Thursday, March 25, 2010

Despite yesterday’s good intentions, I got so depressed with my sloppy attempt at cotton-knitting that I abandoned it. I spent an anxious and unsatisfactory half hour or more cruising around in cyber-space looking for the ideal yarn. Does Lorna’s Laces Helen’s Lace come in a solid white? Can you get Jaggerspun Zephyr over here? What is “Sugar Rush” with which one of the gents on the jabot forum is knitting himself a jabot?

Then I calmed down and tried casting on the Heirloom merino lace I just bought. And I think we’ve got it. I’m not going to move the Progress Bar until I feel a lot more sure – but this could be it.

The clincher, with the cotton, was opacity. You can hardly see it, in some contexts. I can’t imagine it frothing up into the Bonnie Prince Charlie abundance I have in mind.

Plus I was making too many mistakes. It was like riding a horse you know is too much for you. Even if you stay on, even if you avoid making a fool of yourself, you and the horse both know that you’re not in control, and the ride is no fun.

I don’t blame the cotton. I think I guessed wrong about those numbers. Franklin has some nice edging patterns in the new Knitty, translated from 19th century originals. He uses “Coton Perle 12”. I don’t know if that’s relevant. I ordered “80” because it was less than “100” which Sharon Miller sent to swatch the Wedding Ring shawl with.

For a while yesterday I thought of reverting to the idea of knitting a piece of lace “about the size of a computer keyboard” (as another of the gents on that forum puts it) and trying to zigzag-stitch it to the backing. But for now, I’ll stick with tiers and go ahead with my current idea. The pattern in the centre is "Razor Shell", HK p. 59, as easy as a pattern gets.

Soul Warmer

Thank you, FiberQat and Tamar, for your help with the Sundbo shrug. I think I’ve got it. I will print out your comments and keep with the book. I am struck with your idea, Tamar, of not increasing for the body at all, or perhaps only very little – and I think that may be the way it’s meant to be done. I would want to knit the whole thing as a tube, with a steek for the middle, because of the lice. The edging, in the book, looks like fairly fine st st, folded over and hemmed. Very neat.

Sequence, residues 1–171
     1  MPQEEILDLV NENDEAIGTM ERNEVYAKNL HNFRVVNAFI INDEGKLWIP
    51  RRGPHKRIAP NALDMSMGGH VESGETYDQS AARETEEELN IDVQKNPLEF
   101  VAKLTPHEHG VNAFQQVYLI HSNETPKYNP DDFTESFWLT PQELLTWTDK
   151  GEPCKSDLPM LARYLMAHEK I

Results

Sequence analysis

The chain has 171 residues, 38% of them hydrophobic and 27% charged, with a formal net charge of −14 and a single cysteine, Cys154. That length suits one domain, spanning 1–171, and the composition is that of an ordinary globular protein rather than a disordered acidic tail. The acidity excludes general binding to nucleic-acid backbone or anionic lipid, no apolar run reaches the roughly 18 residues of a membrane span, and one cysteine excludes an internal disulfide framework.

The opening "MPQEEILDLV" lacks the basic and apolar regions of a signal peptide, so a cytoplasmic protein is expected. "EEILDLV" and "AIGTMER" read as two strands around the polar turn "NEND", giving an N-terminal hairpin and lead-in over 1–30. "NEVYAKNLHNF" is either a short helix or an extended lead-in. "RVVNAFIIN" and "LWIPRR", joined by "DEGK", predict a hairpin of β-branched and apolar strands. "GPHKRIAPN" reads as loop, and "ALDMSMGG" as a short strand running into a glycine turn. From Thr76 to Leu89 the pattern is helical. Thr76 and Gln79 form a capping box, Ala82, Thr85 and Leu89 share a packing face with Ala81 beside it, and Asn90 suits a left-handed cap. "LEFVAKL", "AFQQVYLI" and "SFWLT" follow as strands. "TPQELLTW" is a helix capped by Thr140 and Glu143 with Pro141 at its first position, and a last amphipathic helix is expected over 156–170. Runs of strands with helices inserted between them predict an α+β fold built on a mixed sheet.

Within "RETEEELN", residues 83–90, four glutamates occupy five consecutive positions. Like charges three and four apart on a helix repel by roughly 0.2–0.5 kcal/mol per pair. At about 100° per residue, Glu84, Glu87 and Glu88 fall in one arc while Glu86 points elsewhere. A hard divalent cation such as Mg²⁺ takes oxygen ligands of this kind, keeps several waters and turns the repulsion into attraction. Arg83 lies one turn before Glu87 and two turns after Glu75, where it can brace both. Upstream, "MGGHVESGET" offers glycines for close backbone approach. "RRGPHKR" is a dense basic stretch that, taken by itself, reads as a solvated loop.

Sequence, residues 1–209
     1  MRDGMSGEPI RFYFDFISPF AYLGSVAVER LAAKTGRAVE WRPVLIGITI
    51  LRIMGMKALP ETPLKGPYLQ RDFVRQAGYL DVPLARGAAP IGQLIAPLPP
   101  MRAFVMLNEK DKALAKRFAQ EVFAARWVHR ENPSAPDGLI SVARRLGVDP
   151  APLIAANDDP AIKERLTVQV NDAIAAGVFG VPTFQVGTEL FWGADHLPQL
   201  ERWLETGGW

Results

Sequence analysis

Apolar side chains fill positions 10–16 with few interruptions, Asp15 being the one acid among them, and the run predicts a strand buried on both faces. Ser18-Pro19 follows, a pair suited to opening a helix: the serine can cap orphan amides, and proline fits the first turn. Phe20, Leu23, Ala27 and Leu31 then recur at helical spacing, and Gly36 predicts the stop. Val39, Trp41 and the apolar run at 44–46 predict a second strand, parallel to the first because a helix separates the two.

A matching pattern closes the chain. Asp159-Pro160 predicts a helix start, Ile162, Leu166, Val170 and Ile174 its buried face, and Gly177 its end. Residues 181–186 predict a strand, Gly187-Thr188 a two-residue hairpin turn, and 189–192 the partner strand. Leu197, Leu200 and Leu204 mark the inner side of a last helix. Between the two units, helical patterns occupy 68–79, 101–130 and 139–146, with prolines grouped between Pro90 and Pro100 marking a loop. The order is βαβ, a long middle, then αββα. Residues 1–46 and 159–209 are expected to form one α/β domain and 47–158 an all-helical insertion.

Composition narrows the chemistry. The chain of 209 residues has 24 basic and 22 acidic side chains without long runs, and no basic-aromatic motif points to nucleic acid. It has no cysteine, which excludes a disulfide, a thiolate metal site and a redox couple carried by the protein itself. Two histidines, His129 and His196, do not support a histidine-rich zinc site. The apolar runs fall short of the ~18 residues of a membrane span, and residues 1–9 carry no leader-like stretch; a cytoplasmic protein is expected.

The pattern says – if “pattern” is the word – “The length of the soul warmer is the sleeve length + ½ the body width x 2.” Since the body width is the sleeve length, that should mean that the overall length is three times the sleeve length, and that is surely preposterous. Maybe that final “x2” should be “/2” which would give a length of ¾ of the sleeve length; not impossible.

The Estonian mitten book is splendid – just page after page of Estonian mittens with charts for the patterns. Two color knitting on four needles is tricky, but it can be done. I like an idea I read about on, I think, the KnitList long ago, of knitting a bunch of single mittens to keep in a basket by the back door so that people could choose non-pairs as they pleased on snowy days.

Shirley Paden’s design book is also very good, but doesn’t add anything to what I already had in the way of Montse Stanley and the Vogue book and a number of others.


  1. Jean - with regard to the soulwarmer, I have a strong suspicion that the designer means the overall length is (sleeve length + 1/2 body width) x 2. The brackets alter the interpretation significantly. So, we take the sleeve length, add half the body width - and then multiply the result of that by two. That sounds as if it would be right, I think?

  2. Dawn in NL12:27 PM


    Regarding the soul warmer,I think the confusion comes from the use of width and length in the opposite sense from normal. The length of the soul warmer is "sleeve length + ½ the body width x 2" means the length from cuff to cuff and right across the body. So it is correct as written, imagine the completed soul warmer folded in two with the sleeves on top of each other.

    The body part is a regular rectangle one side is created by the number of stitches you have on the needle at the top of the sleeve, the other side is the number of rows you knit to make it wide enough for your back.

    You certainly can do this in the round and steek for the body part.

    I hope this clarifies and is not as clear as mud.


  3. =Tamar7:33 PM

    The merino lace definitely looks better than the cotton. For a similar effect in cotton, you'd need many more repeats in the same width, on finer needles. Isn't wool more authentic anyway, for knitted Scottish lace?

    I like your idea of steeking the shrug opening.

    The shrug body _height_ (nape to bottom of ribcage, approximately) is the sleeve (i.e., tube) _circumference_. I've never steeked, but it seems that the steek (facing) stitches ought to be cast on extra at that point.

    For the length, Fiona has it right: the pattern says measure the length of one sleeve (wrist to shoulder), add half the width of your shoulders across the back, and that total will be half the length needed to knit. That way of measuring lets you know where to switch, if you are knitting a design that must be reversed. Dawn's suggestion is a good one: think of it folded in half with sleeves together.

    Now I'm getting the urge to knit a soul warmer. :-)